There really is nothing better than a chilled glass of Chardonnay served in a large wine glass on a Saturday evening. But, to get the best possible taste there’s a little more to it than just pouring straight from the bottle.
What can sometimes make the world of wine confusing is that the serving temperature for wine is slightly different from its storing temperature. For example, when storing red wine long term you’d store at a cooler temperature than you’d normally drink it. So, in case you’re throwing a swanky dinner party and want to add some flair to your serving style, check out these wine tips to help you get the best flavour out of your wine.
Red wine temperature
The red wine serving temperature can change depending on what type of bottle you’re working with. For example, to really make the most out of the blackcurrant notes, a Shiraz Cabernet is best served anywhere between 17- 19°C. But a Merlot is traditionally served between 14-16°C as the sweeter flavours can handle a cooler temperature. This said, typically the serving temperature for red wine is just below room temperature at around 15-18°C. Pop a bottle outside the back door on a cool evening for 15 minutes before pouring will do the trick.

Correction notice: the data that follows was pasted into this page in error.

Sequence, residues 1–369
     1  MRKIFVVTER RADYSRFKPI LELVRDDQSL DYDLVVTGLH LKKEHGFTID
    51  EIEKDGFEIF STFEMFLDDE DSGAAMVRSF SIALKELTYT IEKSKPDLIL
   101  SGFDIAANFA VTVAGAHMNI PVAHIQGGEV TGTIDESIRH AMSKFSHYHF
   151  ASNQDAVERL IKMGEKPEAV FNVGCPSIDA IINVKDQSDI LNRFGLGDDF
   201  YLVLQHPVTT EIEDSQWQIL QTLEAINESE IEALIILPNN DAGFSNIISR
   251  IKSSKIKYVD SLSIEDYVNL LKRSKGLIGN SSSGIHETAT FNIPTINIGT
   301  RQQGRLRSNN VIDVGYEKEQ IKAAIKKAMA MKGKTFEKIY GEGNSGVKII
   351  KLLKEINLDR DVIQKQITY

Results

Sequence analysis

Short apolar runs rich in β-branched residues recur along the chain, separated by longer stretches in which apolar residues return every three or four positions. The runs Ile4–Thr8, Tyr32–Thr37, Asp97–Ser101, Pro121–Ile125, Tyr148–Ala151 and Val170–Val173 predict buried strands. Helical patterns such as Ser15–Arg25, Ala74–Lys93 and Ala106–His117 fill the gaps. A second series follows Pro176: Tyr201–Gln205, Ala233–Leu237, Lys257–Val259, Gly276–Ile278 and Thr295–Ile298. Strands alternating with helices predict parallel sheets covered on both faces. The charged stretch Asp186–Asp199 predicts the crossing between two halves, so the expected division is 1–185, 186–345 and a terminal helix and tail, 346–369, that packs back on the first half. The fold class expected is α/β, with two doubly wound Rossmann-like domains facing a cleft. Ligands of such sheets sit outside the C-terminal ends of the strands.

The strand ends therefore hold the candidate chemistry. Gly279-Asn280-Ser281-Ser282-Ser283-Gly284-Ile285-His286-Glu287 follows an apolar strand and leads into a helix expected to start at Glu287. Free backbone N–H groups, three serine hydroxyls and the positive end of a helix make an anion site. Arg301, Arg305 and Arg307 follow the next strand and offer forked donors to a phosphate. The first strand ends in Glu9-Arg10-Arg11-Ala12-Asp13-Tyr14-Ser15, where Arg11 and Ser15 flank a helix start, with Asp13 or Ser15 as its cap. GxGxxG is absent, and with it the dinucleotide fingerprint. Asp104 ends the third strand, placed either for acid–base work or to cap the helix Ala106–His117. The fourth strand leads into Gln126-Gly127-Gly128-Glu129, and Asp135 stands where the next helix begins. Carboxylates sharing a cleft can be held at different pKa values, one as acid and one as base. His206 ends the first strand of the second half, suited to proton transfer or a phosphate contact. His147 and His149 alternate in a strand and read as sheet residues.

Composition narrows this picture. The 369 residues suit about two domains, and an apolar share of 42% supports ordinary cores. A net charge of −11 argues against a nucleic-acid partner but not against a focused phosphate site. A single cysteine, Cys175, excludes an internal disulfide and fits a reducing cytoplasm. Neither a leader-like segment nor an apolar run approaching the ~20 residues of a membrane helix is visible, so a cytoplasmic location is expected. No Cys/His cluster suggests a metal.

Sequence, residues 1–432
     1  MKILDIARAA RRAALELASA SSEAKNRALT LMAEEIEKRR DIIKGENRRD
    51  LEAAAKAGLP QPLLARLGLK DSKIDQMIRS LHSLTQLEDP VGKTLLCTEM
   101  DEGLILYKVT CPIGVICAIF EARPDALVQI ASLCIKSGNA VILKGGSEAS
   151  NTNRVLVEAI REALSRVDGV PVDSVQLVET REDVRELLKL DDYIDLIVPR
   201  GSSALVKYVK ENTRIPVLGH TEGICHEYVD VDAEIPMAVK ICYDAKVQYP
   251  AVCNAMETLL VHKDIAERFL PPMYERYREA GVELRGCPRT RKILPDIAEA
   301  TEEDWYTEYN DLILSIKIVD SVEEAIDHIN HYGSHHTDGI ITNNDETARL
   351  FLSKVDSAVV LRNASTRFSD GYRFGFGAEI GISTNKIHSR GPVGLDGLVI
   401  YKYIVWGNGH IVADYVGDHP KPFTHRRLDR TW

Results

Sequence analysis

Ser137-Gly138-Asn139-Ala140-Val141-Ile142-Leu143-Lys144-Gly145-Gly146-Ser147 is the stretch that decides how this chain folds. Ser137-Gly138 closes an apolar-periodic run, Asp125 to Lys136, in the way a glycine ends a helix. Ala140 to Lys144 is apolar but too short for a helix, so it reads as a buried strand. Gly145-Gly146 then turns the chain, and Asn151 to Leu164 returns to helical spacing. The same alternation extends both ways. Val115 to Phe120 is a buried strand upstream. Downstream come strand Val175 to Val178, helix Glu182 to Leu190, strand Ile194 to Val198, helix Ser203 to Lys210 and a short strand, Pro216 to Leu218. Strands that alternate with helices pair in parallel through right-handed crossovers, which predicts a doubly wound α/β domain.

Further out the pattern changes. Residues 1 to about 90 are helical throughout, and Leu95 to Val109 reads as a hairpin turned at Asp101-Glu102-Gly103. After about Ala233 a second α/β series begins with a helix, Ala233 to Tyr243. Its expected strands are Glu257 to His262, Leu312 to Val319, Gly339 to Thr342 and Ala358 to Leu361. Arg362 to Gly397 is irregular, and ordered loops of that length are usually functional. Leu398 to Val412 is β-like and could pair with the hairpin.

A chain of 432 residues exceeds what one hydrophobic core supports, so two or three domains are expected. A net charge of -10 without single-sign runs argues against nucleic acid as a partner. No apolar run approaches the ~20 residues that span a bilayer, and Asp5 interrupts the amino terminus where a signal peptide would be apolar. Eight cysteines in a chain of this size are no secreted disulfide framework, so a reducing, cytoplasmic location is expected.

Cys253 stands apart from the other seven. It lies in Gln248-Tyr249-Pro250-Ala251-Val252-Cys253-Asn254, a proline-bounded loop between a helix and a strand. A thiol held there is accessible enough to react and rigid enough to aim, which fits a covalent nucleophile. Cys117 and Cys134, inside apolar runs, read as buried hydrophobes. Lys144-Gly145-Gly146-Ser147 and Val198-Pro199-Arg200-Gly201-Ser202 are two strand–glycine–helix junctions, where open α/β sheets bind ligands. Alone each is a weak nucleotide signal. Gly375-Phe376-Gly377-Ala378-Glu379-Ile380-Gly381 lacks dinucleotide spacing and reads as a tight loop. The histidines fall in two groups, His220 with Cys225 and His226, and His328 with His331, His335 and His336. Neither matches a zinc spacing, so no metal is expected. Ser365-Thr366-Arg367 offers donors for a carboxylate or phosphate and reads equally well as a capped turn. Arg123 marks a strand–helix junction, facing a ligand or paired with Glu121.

White wine temperature
When it comes to thinking about the perfect white wine serving temperature, just think about a warm summer's day. White wine is best served refreshingly cold, straight from the fridge. You do have some wriggle room when it comes to the traditional serving temperature for white wine. Usually, if the wine is sweet like Moscato it can be cooled for longer, at about 6-8°C and still taste delicious. If it has a more dry taste, like Sauvignon Blanc, serve slightly warmer at around 8-12°C.
Rose wine temperature
Rose wine temperature is similar to that of white wine. If the rose is sweet, it can be served at a colder temperature. If your bottle of choice is fruity it can taste just as good at a warmer temperature. Aim for around 7-13 °C, which can be achieved in the fridge.
Sparkling wine temperature
The only way to drink sparkling wine, prosecco, Pink Moscato and champagne is ice cold, between 5-7°C. Put a bottle or two in a bucket, half filled with ice and water for about 30 minutes before serving. If you’ve left your crystal ice bucket at that posh doo you went to last week, don’t worry - just pop a bottle in the freezer for ten minutes. Don’t leave it for too long though as fizz can freeze.
The taste test
Just like waiters do at restaurants, pour a tiny amount into a glass to truly know if your wine is ready to serve. When tasting, the easiest thing to remember is if it tastes too strong, the wine could do with cooling off. If it doesn't have any flavour or the flavour tastes quite dull, try warming it up. Go with your instinct. Personal preferences always win here so, if you think it tastes delicious at 13°C, serve up and enjoy.